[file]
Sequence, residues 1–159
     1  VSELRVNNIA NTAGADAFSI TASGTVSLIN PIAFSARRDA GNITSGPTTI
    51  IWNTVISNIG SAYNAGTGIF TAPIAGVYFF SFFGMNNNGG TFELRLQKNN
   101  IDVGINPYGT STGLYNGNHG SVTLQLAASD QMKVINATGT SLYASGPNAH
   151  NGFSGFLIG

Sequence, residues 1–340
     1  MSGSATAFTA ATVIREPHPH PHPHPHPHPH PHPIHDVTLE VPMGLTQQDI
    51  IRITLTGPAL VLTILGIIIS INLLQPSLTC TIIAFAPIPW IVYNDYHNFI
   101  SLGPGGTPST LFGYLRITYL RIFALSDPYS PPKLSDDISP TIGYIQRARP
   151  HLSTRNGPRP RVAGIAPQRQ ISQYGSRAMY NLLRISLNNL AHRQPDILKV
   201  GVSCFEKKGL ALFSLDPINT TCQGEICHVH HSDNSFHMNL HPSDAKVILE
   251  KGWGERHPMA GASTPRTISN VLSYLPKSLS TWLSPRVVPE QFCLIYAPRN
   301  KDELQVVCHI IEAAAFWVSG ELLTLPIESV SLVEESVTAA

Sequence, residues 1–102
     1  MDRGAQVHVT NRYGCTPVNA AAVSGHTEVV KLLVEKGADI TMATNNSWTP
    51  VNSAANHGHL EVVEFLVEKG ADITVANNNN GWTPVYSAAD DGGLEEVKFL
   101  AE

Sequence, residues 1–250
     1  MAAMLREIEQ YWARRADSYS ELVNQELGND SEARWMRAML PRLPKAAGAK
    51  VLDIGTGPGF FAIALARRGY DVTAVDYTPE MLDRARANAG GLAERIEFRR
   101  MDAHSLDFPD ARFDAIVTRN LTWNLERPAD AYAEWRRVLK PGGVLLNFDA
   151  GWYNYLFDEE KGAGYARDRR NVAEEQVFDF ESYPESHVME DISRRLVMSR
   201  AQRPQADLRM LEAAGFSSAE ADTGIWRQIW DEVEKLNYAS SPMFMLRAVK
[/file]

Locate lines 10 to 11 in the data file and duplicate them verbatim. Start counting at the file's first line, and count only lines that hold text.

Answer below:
   151  HLSTRNGPRP RVAGIAPQRQ ISQYGSRAMY NLLRISLNNL AHRQPDILKV
   201  GVSCFEKKGL ALFSLDPINT TCQGEICHVH HSDNSFHMNL HPSDAKVILE